A strategic plan for sports in Barbados is currently being developed and the Board of the National Sports Council (NSC) expects to have the document in its hands by mid-year.

This disclosure has come from Chairman of the NSC, Henry Inniss, who said the Council had commissioned the University of the West Indies, namely, Professor Sir Hilary Beckles and Don Lockerbie, to formulate the plan, which would be discussed later with the staff and stakeholders of the NSC.

Mr. Inniss explained that Sir Hilary, a former chairman of the Council, had begun work in the area and the Board was hoping to build on his experience in strategic planning.
“The first draft has been prepared and submitted to the Board. It was intended to paint a broad picture of what could be done, so we went back to the University of the West Indies and asked them to narrow the scope of that document.  The first stage in the plan will be to conduct a Facilities Audit.

“The audit is not just to give us a comprehensive view of our facilities, but also to assess the work required to bring them up to international standard. The Audit will also identify the need for additional facilities in areas of the country where they are sparse.  So, we will have the audit done as a first step, and from there, we are going to move to further develop nine sports,” he revealed.

The sports identified are athletics, body-building, boxing, cricket, cycling, football, netball, swimming and volleyball. The Council is of the view that these are the sports that are most likely to bring glory to Barbados.

Mr. Inniss said that the plan is to develop centres of excellence for each of these disciplines in an effort to develop world-class athletes, coaches and administrators so as to build Barbados’ capacity to consistently deliver on the international stage.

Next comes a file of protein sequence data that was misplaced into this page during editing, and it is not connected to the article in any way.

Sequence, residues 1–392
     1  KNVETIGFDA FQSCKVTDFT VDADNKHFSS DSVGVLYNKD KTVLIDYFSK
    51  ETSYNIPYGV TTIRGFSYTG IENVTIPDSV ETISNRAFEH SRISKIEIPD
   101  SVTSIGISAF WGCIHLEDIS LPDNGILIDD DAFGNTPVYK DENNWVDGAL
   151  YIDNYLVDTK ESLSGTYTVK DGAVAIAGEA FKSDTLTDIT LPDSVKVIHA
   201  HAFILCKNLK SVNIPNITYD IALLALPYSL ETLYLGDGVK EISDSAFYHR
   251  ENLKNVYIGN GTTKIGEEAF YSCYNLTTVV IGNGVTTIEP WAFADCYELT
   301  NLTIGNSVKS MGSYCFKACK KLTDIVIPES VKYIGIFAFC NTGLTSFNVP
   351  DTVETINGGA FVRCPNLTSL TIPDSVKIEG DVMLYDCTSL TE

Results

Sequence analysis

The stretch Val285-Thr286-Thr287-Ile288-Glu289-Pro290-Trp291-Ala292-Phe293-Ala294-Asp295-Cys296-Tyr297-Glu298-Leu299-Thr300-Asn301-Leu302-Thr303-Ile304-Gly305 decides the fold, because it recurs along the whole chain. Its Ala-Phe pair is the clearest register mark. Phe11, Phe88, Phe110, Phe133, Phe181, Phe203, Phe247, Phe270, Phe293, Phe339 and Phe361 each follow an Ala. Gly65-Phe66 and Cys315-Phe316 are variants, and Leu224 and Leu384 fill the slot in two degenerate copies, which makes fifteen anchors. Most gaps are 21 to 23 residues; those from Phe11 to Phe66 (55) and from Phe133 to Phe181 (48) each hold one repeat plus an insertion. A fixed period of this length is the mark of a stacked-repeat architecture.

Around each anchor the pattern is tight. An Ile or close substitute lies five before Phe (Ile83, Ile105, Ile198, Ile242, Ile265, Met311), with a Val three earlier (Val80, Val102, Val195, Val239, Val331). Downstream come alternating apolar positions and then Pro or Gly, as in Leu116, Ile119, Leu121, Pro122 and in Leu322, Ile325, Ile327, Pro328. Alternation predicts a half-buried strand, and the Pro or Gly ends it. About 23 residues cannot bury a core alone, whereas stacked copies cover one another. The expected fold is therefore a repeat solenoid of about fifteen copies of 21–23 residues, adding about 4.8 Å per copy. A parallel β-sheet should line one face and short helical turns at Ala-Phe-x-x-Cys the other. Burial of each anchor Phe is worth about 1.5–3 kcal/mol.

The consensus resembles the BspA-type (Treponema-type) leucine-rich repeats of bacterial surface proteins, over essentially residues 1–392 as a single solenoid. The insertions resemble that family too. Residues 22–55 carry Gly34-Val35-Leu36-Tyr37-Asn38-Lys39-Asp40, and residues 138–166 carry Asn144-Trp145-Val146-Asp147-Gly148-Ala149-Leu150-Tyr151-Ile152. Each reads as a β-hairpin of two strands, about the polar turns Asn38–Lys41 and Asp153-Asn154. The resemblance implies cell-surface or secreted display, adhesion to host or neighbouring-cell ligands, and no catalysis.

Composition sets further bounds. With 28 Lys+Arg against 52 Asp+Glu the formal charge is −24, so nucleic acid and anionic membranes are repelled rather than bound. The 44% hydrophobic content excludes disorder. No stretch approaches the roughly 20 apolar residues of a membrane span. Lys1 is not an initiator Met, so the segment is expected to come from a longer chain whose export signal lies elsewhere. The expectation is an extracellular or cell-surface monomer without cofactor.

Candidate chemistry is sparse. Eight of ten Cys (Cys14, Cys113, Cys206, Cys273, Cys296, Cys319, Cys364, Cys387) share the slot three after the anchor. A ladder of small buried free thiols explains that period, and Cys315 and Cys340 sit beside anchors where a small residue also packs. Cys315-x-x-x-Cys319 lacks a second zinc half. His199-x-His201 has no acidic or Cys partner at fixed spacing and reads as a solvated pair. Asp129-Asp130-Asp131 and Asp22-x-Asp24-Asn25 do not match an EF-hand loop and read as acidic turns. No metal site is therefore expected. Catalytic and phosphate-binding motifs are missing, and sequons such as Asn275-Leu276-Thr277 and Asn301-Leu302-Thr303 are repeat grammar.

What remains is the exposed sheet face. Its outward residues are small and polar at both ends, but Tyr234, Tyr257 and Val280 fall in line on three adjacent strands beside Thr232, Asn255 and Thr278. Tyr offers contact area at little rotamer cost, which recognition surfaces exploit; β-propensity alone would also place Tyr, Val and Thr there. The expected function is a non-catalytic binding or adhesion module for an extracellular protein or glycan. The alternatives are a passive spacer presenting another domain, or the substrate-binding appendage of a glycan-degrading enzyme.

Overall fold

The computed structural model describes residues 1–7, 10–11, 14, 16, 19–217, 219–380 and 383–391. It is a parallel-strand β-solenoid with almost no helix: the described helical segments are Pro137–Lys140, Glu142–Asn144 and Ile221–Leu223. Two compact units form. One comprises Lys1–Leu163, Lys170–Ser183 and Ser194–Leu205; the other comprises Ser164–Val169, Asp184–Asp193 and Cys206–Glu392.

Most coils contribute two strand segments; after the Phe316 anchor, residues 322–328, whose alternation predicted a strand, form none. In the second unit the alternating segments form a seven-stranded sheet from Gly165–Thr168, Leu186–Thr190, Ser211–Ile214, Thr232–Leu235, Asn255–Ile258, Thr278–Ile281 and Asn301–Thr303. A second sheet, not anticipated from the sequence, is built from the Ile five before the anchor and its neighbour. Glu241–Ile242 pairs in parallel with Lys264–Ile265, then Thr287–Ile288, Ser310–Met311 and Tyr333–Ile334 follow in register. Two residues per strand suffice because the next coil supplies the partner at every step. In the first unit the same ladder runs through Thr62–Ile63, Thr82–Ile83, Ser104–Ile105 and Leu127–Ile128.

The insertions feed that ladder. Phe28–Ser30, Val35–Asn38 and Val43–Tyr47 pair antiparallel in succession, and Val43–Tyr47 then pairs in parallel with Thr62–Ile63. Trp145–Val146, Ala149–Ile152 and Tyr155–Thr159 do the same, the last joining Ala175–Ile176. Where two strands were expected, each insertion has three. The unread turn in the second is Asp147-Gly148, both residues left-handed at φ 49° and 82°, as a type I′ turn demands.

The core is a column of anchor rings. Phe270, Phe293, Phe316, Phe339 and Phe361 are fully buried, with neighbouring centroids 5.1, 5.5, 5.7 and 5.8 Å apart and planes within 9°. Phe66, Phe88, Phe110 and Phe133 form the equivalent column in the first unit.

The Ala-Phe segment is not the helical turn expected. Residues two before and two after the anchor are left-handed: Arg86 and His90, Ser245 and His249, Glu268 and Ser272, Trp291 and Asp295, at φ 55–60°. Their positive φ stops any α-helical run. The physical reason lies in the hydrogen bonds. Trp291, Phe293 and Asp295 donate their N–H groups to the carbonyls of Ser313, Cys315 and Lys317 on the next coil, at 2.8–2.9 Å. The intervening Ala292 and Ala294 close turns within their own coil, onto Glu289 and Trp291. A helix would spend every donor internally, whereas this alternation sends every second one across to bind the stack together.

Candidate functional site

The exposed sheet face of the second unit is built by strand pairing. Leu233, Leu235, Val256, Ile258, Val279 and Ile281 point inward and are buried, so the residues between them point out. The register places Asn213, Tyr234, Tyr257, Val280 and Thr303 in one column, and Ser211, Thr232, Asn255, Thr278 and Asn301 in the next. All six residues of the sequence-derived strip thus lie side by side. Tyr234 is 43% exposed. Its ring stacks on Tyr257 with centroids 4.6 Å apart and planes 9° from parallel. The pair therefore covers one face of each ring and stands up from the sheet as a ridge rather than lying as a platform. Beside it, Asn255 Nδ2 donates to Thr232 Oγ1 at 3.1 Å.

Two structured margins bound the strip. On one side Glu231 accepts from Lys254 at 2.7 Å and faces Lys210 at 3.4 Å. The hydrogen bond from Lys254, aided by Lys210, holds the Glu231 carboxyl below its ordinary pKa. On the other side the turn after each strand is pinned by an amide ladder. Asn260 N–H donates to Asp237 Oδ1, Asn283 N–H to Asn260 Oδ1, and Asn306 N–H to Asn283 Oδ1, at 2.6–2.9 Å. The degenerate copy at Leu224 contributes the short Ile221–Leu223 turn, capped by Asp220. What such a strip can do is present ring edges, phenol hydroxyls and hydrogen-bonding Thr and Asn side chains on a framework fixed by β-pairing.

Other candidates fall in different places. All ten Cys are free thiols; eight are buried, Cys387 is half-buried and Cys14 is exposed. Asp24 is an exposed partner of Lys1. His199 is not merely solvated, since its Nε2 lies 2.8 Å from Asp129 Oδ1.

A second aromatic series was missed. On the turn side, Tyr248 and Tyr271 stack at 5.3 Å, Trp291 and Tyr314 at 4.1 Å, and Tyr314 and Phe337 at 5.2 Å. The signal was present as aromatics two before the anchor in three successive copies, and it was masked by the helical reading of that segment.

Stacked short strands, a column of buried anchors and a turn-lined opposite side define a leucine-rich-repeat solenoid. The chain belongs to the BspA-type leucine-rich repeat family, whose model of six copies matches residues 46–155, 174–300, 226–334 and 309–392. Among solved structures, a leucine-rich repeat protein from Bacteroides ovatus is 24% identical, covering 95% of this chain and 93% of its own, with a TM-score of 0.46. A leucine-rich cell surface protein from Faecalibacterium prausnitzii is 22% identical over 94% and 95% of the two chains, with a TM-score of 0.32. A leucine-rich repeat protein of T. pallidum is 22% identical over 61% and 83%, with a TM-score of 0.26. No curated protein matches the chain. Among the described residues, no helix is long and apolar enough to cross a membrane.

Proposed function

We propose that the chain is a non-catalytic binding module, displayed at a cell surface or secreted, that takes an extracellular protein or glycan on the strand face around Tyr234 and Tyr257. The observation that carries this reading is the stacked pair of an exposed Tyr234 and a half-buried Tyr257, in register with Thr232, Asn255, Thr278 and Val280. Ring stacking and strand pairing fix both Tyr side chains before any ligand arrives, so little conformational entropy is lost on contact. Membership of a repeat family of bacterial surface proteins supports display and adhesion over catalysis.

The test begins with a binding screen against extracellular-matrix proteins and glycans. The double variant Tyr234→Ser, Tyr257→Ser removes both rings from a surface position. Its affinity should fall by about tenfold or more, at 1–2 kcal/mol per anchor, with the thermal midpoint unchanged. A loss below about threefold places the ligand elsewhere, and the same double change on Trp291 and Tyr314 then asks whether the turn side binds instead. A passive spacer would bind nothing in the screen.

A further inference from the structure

“This [list of sports] is dynamic, it is not fixed in stone. With [Ivorn] McKnee winning the Sports Personality of the Year title for 2008, that has pushed us to approach the Weightlifting Association with a view to assisting them in the development of a strategic plan on the way forward for their organisation and the discipline of weight-lifting.

The Chairman stressed, however, that the NSC was committed to all the sporting bodies, especially since its mandate was to get the population to pursue active and healthy lifestyles.  He promised that funding would continue for the other fifty affiliate associations, but not to the same extent as would be the case for the nine chosen.  

“We will have to seek ways of partnering with the corporate sector since the cost of achieving international competitiveness is very high and government can only do so much,” Mr. Inniss stated.

Meanwhile, as part of the plan, a model used in Australia and several European countries is being examined. It calls for an advisory body to administer sports and under its aegis will be an Institute of Sports, which has affiliate organisations that do the specific work required to take athletes to international standards.

“That kind of model would certainly require a different approach, another organisation that sits below the National Sports Council, which may even draw on a number of the staff of the National Sports Council and be structured differently so it can cater to the various needs of those sports,” Mr. Inniss observed.

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